Gene study could speed kidney cancer detection

February 26, 2009

Large-scale data mining of gene networks in fruit flies has led University of Chicago researchers to a sensitive and specific diagnostic biomarker for human renal cell carcinoma.

Large-scale data mining of gene networks in fruit flies has led University of Chicago researchers to a sensitive and specific diagnostic biomarker for human renal cell carcinoma.

The research team showed that the biomarker known as SPOP is produced by 99% of clear cell RCC, but not by normal kidney tissue, as reported in the Jan. 22 online edition of Science.

Physicians could use SPOP levels to confirm or rule out a diagnosis of RCC. It could also help them determine the original source of cancers that had spread to other organs from an unknown primary tumor.

“This could serve as a diagnostic tool, lead us to new drug targets, and potentially help us detect kidney cancers sooner,” said study director Kevin White, PhD. “It also confirms our strategy of using genomics and systems-level analysis of model organisms such as fruit flies to identify factors that play crucial roles in human disease.”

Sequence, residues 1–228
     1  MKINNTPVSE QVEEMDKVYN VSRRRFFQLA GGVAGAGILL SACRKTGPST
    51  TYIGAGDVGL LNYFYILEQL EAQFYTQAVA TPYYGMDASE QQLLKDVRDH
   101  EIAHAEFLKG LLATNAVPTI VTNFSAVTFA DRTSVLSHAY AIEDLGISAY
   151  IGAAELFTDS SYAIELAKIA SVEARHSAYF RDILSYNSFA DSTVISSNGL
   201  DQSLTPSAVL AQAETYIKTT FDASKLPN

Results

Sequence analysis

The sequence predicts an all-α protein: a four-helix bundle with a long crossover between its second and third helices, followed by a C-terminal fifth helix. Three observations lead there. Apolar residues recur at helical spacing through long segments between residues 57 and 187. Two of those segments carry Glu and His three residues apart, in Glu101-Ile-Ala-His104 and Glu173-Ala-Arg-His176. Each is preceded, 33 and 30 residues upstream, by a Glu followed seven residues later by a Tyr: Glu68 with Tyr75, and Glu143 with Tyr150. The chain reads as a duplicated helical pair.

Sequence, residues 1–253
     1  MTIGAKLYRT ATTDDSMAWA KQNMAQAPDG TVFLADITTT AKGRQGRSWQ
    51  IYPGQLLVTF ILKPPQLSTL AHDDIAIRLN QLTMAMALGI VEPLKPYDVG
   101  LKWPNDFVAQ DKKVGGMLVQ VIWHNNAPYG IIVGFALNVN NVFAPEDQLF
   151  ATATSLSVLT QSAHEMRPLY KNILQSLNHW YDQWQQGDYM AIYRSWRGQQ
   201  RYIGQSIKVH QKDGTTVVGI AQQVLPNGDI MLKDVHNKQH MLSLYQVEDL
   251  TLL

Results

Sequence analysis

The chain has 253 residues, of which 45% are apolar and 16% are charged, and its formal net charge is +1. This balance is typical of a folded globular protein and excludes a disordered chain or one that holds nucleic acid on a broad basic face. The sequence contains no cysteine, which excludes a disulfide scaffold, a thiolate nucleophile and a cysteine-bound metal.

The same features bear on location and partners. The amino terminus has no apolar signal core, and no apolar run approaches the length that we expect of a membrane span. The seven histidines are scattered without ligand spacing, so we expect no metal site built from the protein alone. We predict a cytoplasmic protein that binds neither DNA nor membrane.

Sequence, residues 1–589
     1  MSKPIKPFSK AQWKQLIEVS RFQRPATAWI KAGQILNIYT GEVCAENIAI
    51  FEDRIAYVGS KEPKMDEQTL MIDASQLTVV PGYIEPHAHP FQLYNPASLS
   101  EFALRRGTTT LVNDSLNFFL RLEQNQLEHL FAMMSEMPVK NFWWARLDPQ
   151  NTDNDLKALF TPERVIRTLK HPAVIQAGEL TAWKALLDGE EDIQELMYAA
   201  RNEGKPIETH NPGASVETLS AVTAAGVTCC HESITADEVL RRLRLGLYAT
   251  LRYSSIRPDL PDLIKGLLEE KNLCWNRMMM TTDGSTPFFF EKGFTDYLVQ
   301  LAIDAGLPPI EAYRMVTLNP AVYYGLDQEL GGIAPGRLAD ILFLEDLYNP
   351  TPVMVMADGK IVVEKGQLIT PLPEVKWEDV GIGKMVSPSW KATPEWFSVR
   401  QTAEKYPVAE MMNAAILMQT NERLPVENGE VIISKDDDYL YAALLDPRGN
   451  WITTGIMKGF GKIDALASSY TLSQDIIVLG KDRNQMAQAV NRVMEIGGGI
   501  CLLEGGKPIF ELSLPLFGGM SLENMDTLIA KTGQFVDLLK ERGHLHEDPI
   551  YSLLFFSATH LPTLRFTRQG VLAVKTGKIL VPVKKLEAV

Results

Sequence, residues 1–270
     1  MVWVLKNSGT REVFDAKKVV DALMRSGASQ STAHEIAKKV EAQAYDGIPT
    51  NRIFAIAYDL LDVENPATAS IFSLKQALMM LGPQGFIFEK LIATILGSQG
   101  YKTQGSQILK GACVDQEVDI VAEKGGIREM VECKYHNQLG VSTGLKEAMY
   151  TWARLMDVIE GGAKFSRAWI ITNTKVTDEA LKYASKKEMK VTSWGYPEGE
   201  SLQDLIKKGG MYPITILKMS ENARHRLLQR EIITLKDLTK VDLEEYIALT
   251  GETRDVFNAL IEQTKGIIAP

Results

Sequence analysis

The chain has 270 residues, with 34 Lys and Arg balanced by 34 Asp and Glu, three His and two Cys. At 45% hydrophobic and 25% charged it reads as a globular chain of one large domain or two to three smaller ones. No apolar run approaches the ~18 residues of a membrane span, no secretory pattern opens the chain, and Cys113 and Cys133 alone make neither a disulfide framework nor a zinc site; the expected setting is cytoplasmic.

When the researchers ranked 150 human equivalent genes according to their impact in flies, the top candidate was a gene known as Roadkill (CG9924), the central player in a major hub of networked genes and a crucial component in the development of the nervous system. SPOP, the human equivalent, is about 80% identical to Roadkill.

When the team screened hundreds of tissue samples from 18 different tumor types, acquired from patients having surgery, they found that 85% of RCCs produced high amounts of SPOP, while normal kidney tissue was uniformly negative. Of 300 RCC samples, 77% were positive for SPOP. All normal kidney samples were negative. The researchers found that 99% of the clear cell RCC samples showed elevated SPOP.